Get ready: It's nearly Halloween, and as soon as that night of rotten eggs and toilet papering is over, the real scare begins: marketing for the holidays kicks into full gear, with retailers eager to encourage us to buy, buy, buy in the name of Jesus. Your family will be inflicted upon you. You will be inflicted on them. Out will come cameras for endless shots of decorating, pie-making, present-wrapping, and Uncle Steve passed out in the eggnog.
I make joke, of course. I don't even have an Uncle Steve (though if I did, I'd want him to be like this guy.)
But the approach of the holidays has had me thinking about a lost ritual: the development of family photographs. Once upon a time, you had to wait weeks to see the pictures you took on vacation or during family visits. You mailed them off and got them weeks later; viewing them felt like you were looking over a historical event. Then, I think while I was in elementary school, came the advent of the express photo shop, where you could get your pictures in an hour or so.
Now, there's no delay at all. I can't remember the last time someone handed me a stack of photographs. Instead, it's all digital: you click, and instantly you can see the results. What's more, you DO see the results; I can think of many recent occasions when as soon as photos had been taken, the camera was passed around so that everyone could see the images. I looked at the pictures, some of which included me, and like everyone else I giggled and groaned—and felt somehow nostalgic for a moment that had occurred only seconds before.
What is that? Does looking at images of yourself enjoying a moment remove you from the moment you're enjoying? Never before have events taken so little time to be memorialized— which is a different process than remembering, and sometimes an oppositional one.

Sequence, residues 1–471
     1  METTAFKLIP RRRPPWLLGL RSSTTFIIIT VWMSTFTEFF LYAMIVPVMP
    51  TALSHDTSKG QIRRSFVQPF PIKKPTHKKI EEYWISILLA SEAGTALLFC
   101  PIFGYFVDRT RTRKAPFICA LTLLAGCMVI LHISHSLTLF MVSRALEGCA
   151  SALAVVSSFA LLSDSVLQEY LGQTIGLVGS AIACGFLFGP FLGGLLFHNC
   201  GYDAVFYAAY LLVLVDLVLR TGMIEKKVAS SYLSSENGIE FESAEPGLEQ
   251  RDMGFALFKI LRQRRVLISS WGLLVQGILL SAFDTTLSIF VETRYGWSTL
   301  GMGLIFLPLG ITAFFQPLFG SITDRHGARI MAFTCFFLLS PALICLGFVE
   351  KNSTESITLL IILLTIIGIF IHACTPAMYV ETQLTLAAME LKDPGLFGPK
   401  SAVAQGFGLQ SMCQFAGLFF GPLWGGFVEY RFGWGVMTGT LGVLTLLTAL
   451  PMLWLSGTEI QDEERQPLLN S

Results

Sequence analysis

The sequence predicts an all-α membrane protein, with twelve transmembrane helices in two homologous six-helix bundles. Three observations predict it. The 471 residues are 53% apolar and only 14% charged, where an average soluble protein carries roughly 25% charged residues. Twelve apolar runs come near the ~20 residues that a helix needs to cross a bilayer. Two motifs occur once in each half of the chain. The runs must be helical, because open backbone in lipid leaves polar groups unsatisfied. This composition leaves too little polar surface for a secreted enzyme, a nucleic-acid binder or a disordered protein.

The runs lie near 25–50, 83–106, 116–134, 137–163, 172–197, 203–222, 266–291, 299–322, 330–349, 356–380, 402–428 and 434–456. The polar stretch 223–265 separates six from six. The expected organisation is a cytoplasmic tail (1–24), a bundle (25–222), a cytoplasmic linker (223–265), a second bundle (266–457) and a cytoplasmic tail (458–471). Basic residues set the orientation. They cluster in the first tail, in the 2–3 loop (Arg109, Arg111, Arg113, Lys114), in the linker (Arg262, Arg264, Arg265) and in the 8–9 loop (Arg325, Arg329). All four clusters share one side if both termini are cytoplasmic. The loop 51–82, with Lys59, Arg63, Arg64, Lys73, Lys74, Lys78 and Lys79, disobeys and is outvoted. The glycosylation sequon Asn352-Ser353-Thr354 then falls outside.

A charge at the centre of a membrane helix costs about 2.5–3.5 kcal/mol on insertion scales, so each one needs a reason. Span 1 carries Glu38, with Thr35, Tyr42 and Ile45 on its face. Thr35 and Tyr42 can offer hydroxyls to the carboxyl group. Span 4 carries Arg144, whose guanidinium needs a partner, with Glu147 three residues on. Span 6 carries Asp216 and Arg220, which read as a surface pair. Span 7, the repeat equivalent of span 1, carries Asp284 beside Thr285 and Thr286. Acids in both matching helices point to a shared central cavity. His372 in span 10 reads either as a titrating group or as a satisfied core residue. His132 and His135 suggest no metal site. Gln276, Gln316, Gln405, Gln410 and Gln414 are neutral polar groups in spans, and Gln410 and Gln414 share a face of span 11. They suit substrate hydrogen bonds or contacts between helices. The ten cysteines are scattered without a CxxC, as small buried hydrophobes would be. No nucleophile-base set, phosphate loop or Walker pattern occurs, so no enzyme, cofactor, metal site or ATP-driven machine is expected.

The effect of digital cameras reminds me of the poetic process, if such it can be called: When something interesting occurs or some emotional moment transpires in my life or I witness/ eavesdrop on a conversation, I often think within seconds, "This will make a good poem" or "I'm going to put that in a short story." How many pieces of my life have I missed thinking about how to convey them in words?
Do you do this? Is it healthy—or is health beside the point? Maybe once you start writing, you can't help vampiring big chunks of your existence. Maybe you should only worry once you actually start avoiding life in order to write; supposedly, Rainer Maria Rilke skipped his daughter's wedding because he was thought a poem might come. (If I'd been his kid, I would have been pretty pissed about this. "Hey Dad. I hear you were waiting for a poem. You know where your poem was? At our wedding with everyone else, you prick.")
Anyway, I've been reading Brenda Shaughnessy's Human Dark With Sugar this week. Lots of really striking lines and startling turns of phrase in the book, but the one below struck me as pretty damn funny. I laughed out loud, in fact. (And then started thinking, "This would make a good blog entry.")
A Poet's Poem
If it takes me all day,
I will get the word freshened out of this poem.
I put it in the first line, then moved it to the second,
and now it won't come out.
It's stuck. I'm so frustrated,
so I went out to my little porch all covered in snow.
and watched the icicles drip, as I smoked
Finally I reached up and broke a big, clear spike
off the roof with my bare hand.
And used it to write a word in the snow.
I wrote the word snow.
I can't stand myself.